I knew how much I would love Hollow Knight. And then I waited a year and a half to play it.
When Hollow Knight launched in February of 2017, it scratched just about every one of my video game itches: hand-drawn 2D art, massive explorablable world, challenging combat and a subtle, well-written story. I’ve always loved Metroidvanias and the critical response seemed to imply that Hollow Knight was one of the best ever made.
So I waited.
You see, just a month before its February release date, Hollow Knight was announced for Nintendo Switch. And as much as I love playing certain games on my PC, a Metroid-inspired open-world adventure starring bugs just begged to be played on Nintendo’s console.
I wanted to bask it in. To experience it while kicking back on my couch or in handheld mode in the midst of my lengthy commute. I wanted to relive fond memories of playing Metroid 2 in the backseat of a station wagon with an awful Nuby screenlight guiding the way.
Part of this desire to wait was out of guilt. I ended up playing a ton of Stardew Valley on a variety of platforms before it was officially announced for Switch. I knew in my heart there was really only one platform that could pull off that game perfectly, but I wasn’t able to stop myself. And look, Stardew Valley is an excellent game no matter where you play it. But it is just a magical experience on Switch, a warm cup of peppermint tea as you watch the snow fall outside your window and await your heavy strawberry investment.
I ended up replaying Stardew on Switch later and yeah, it was great, but it wasn’t the same as playing it through the first time. And I wanted that experience for Hollow Knight.
Little did I know what sort of wait I was in for. Consider that Stardew Valley was announced for Switch in February of 2017 (a month after Hollow Knight’s Switch announcement). Six months later, Stardew released. Certainly one would expect a similar port would be a comparable development cycle, right?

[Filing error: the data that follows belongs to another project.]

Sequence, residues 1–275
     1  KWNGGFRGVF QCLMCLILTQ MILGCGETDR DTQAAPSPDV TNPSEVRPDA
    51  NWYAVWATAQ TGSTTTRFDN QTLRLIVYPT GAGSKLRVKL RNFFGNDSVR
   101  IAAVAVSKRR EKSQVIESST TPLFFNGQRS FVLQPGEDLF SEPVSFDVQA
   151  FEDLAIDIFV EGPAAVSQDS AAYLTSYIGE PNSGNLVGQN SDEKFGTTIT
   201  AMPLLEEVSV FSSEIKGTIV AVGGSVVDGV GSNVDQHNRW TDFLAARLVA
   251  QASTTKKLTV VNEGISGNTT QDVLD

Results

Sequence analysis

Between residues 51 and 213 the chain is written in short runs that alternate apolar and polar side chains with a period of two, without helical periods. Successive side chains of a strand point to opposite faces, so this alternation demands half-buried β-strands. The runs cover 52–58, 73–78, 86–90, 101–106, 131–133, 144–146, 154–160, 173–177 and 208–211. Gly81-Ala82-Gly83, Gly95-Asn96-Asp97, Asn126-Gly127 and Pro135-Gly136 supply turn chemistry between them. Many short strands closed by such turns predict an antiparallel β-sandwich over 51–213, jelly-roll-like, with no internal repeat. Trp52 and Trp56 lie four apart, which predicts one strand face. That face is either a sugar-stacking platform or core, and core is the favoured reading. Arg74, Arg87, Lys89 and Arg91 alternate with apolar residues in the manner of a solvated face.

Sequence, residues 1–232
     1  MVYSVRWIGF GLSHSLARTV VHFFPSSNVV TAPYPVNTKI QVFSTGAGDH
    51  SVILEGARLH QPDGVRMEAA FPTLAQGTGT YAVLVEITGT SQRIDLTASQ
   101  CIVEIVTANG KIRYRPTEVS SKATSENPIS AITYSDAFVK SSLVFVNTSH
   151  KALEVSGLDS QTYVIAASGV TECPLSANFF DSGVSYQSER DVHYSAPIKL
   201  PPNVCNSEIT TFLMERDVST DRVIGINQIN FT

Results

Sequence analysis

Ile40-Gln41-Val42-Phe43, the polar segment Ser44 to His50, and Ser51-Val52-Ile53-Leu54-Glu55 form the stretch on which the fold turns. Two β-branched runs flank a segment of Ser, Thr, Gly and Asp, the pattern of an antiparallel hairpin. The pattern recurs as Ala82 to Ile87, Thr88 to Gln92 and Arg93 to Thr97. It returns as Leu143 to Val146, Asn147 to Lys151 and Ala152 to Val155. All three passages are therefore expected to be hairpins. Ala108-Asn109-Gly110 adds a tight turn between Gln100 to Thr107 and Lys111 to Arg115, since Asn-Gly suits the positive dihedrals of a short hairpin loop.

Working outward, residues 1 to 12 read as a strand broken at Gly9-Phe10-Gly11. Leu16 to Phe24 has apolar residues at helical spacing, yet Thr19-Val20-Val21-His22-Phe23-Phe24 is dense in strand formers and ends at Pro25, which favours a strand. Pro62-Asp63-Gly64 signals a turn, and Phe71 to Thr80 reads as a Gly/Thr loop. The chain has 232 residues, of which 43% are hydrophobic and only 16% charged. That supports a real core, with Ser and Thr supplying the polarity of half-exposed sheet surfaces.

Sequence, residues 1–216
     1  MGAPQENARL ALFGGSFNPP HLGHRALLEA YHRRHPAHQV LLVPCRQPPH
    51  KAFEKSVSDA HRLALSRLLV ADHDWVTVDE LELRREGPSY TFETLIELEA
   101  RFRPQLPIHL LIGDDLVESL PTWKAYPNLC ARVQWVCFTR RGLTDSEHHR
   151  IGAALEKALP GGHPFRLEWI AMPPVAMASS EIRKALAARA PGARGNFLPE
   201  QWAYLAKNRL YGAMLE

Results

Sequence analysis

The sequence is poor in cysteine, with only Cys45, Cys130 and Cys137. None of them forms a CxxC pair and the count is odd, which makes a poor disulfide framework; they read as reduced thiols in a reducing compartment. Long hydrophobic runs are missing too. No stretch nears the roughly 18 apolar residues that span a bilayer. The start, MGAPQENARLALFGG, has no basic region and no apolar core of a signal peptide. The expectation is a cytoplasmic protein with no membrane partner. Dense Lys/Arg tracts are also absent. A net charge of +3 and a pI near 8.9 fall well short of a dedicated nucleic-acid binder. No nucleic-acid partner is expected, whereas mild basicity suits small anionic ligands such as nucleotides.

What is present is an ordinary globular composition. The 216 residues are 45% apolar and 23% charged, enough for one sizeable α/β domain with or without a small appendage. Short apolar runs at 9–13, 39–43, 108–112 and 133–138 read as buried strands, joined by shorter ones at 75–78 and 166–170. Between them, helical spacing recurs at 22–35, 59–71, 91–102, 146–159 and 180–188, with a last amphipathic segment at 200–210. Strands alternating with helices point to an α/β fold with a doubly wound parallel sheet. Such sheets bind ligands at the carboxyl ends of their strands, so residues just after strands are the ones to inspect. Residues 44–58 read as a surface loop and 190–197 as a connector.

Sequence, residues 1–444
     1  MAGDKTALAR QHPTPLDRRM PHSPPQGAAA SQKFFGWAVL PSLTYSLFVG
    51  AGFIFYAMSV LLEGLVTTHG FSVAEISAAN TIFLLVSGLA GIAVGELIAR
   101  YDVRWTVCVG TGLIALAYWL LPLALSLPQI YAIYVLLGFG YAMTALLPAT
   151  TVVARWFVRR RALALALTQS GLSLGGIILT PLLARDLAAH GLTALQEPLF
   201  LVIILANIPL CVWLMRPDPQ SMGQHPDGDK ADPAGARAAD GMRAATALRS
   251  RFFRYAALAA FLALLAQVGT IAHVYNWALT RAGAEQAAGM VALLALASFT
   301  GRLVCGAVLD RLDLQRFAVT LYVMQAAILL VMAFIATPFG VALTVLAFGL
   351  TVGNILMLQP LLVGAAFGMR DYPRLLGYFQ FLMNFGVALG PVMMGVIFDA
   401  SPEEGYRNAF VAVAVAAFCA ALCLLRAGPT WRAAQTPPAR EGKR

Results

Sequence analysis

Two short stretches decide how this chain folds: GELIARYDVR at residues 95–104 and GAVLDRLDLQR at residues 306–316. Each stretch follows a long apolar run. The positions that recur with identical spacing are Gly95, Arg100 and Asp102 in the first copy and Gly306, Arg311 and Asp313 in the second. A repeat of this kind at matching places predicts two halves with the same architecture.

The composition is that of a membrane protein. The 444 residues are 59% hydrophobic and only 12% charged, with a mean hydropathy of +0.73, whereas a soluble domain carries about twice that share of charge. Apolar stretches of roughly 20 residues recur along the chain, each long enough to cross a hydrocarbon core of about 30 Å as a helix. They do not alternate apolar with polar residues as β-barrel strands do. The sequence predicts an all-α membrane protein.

The months ticked by. Occasionally Team Cherry, Hollow Knight’s tiny developer, would post progress updates on the Switch version, but they were rare and tantalizing. By January 2018, over a year had passed and there was still no sign of Hollow Knight’s arrival beyond a short gameplay video. And, criminally, it looked just terrific on the platform. It reinforced my decision to wait, but made the wait all-the-more punishing.
The last update came in March of 2018. Still no news on when we could expect the game, but everything was looking great. Sounds like it could be any minute!
Or four more months. When E3 rolled around this year, there were plenty of rumors floating around about Fortnite and Smash Bros. Hollow Knight was certainly not at the top of anyone’s speculative list. And yet, poof. Sandwiched among the huge announcements was the shocking news that, yes, Hollow Knight was out right that minute. The wait was over.
So was it worth it? Hell yes it was.
I’ve played every Metroid game, every Souls game, every Symphony of the Night-esque Castlevania game. Hollow Knight is unquestionably the finest Metroidvania ever made. Explaining why really deserves its own piece, but for now I’ll say that the Switch, with its combination of portability and big-screen gaming, is the perfect home for it. Hollow Knight was able to seep into every bit of free time I had, and I nibbled at it like a fine steak.
No guides, no walkthroughs. I was going to piece Hollow Knight’s mysteries together the same way I did with Metroid 2. And so I played it on the subway as it cruised under the East River, I played it on my couch while half-watching Netflix drivel and I played on my TV with a Pro Controller, trying to finish the hardest of the game’s arena challenges.
And as I finished off the final boss in the waiting room of my eye doctor’s office, knew my investment had paid off. Hollow Knight on Switch is everything I was hoping for. Some things are clearly worth the wait.